The hottest game on the Xbox 360 this year may be too hot for its own good, according to the group that rates video games.
On Wednesday, the Entertainment Software Ratings Board announced that both the PC and Xbox 360 versions of "Elder Scrolls IV: Oblivion," have been re-rated from T (teen) to M (mature), advising retailers to now only sell it to gamers 17 and older.
"Oblivion" was released with a T rating in late March and has been a top seller, shipping more than 1.7 million copies for the Xbox 360, according to a press release issued earlier this week.
The ESRB has taken issue with matters of both sex and violence that it claims to have been unaware of when the game was submitted for a rating. "The content causing the ESRB to change the rating involves more detailed depictions of blood and gore than were considered in the original rating, as well as the presence of a locked-out art file, or 'skin,' that, if accessed through a third-party modification to the PC version of the game, allows the user to play with topless versions of female characters," the board reported in a statement.
Pete Hines, public relations manager for Bethesda Softworks, the creators of "Oblivion," asked that gamers judge the rating for themselves. "We made a complete and full discourse of the game's content when we submitted the game for our rating," he told MTV News. "Now the same game and content have been given a different rating. We aren't going to contest the rating. ... You can judge the fairness of it."
Prior to a game's release, the ESRB requires that a game publisher provide video and written accounts of the most ratings-sensitive material in their games. The ESRB, which uses a rotating trio of anonymous raters, doesn't always actually play the game in advance. With a game as expansive as "Oblivion," discovering every nook and cranny in a pre-release version might not even be possible without the game's creator pointing the way.
"Oblivion" is a deep game, advertised as a fantasy swords-and-sorcery adventure that can last several dozen hours. Players embarking on the quest won't find any bared female breasts without some outside help. While the game allows players to pick the gender and change the outfits worn by their character, they can only make a woman in the game topless by using a program that removes layers of artwork created by the developers to represent underwear. In late March, within days of the game's release, a gamer with the handle "Maeyanie" developed a program to do just that.
"In the process of trying to create a nude skin for Oblivion, I found Bethesda had already done all the work for me," Maeyanie wrote. "They just covered it up with underwear afterwards."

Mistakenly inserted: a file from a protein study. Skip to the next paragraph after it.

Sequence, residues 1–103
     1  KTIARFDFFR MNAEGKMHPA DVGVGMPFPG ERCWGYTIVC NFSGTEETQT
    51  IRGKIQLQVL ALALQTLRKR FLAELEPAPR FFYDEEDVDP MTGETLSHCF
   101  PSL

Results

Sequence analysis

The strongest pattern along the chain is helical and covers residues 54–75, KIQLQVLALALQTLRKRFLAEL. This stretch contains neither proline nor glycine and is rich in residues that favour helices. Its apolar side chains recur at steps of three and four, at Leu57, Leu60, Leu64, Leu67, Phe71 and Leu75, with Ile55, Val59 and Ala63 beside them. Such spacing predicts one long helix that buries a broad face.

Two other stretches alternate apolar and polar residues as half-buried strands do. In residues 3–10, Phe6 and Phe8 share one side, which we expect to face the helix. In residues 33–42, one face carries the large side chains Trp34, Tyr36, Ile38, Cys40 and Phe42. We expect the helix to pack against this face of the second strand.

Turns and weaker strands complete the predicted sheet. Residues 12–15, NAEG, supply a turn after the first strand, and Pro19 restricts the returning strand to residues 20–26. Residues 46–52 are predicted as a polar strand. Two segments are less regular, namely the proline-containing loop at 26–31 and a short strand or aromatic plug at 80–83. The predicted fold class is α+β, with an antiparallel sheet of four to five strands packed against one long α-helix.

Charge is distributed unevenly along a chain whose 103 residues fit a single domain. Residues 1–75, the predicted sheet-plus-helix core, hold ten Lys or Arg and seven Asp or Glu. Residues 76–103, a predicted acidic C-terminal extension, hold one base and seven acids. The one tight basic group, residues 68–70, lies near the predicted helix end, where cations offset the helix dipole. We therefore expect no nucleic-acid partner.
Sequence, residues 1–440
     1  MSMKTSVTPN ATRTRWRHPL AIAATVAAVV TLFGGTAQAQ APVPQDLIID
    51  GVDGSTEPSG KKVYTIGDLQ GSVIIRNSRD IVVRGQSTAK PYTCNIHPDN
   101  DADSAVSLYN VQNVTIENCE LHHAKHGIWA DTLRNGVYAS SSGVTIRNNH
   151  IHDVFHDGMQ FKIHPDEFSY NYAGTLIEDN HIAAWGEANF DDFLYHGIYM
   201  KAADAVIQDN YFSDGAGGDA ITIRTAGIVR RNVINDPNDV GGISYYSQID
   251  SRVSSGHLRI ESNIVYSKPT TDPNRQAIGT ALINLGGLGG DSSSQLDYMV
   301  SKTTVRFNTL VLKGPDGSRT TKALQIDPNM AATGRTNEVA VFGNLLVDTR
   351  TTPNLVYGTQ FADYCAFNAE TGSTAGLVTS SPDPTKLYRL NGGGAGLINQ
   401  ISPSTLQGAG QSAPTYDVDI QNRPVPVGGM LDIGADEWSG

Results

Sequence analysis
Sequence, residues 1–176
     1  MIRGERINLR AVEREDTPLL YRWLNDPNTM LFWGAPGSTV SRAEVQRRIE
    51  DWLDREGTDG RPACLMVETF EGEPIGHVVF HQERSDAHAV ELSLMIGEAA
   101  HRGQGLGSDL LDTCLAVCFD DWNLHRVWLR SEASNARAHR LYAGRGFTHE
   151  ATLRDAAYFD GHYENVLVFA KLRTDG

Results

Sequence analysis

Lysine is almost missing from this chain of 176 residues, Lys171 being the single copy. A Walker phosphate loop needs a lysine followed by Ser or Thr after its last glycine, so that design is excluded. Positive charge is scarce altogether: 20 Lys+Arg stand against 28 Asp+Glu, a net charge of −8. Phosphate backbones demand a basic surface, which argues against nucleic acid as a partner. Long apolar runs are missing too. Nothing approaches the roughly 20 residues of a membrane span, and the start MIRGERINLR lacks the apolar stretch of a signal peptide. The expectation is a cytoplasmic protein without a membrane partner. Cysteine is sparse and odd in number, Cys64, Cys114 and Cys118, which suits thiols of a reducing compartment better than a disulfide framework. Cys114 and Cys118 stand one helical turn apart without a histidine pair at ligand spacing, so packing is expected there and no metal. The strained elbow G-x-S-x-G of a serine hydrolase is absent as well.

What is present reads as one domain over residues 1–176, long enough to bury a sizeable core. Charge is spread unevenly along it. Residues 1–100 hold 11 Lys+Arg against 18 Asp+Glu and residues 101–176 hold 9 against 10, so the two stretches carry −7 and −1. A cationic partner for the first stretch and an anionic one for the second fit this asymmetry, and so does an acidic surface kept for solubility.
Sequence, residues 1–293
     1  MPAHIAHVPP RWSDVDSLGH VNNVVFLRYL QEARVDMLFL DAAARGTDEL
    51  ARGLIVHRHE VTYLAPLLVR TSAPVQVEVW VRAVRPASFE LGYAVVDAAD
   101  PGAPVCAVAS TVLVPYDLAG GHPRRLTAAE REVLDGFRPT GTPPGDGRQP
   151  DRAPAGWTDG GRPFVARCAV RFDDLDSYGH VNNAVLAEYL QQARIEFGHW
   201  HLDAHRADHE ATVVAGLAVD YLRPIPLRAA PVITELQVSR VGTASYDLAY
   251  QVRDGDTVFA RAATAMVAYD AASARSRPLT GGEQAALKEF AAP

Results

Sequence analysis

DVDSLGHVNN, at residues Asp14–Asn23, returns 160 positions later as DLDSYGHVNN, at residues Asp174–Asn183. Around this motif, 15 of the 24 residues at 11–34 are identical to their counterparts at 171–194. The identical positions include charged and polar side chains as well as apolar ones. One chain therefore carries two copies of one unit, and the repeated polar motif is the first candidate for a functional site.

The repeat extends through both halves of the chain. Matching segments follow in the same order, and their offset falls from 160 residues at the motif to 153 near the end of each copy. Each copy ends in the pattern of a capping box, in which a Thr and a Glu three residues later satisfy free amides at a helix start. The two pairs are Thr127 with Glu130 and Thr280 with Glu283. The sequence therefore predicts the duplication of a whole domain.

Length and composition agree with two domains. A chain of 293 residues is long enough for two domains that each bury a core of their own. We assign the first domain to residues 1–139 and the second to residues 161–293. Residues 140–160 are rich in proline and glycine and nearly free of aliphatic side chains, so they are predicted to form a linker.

The program has been downloaded 57,000 times and elicited a tide of feedback — pro, con, and occasionally lascivious. Some time after the announcement, Maeyanie posted an addendum: "Due to the number of thoroughly depressing comments, I'm no longer providing any support or updates. Nor will I release any further mods of this nature, for this game or others. I'm not regretting having made this. But I am regretting releasing it to the horny, immature masses out there."
The topless mod cannot be activated in the Xbox 360 version, but the ESRB affirmed that rating of both the PC and 360 versions would be changed because of the newly discovered violence. The ESRB won't specify what those newly discovered acts of violence are, but Betheseda reps said the company never hid anything from the ESRB in the first place.
"The rating changed for both versions primarily due to the violence in the game," said Bethesda's Hines. "We made a complete and accurate submission and disclosed the violence in detail. Among the things that were pointed out in the original submission: severed heads, bloody rooms, corpses, etc. We made every effort to make them fully aware of the game's content. We filled out their form and checked off the most frequent amounts of blood you can select. We gave them an additional 60-page document that exhaustively listed any content we thought may be deemed objectionable. Basically the same content we disclosed initially is now the basis for deciding it should be rated M due to blood and violence."
The ESRB's most recent high-profile re-rating of a game occurred last year when hidden sex animations unlocked by a modder forced "Grand Theft Auto: San Andreas" to get slapped with a belated AO (adults only) rating. The game was later re-released without those scenes (see "'Grand Theft Auto: San Andreas' Gets 'Adults Only' Rating").
"GTA" is published by Take Two Interactive, the same company that co-published "Oblivion." But Bethesda and the ESRB say that Take Two is off the hook this time, because Bethesda handled the ratings submission.
As a result of the new rating, the ESRB has mandated that Bethesda supply new ratings stickers to all retailers and post a downloadable software patch on its Web site that prevents the topless mod. Bethesda will comply, but, unlike the "GTA" creators, it won't alter its game. Said Hines, "We won't change the game to get a T rating."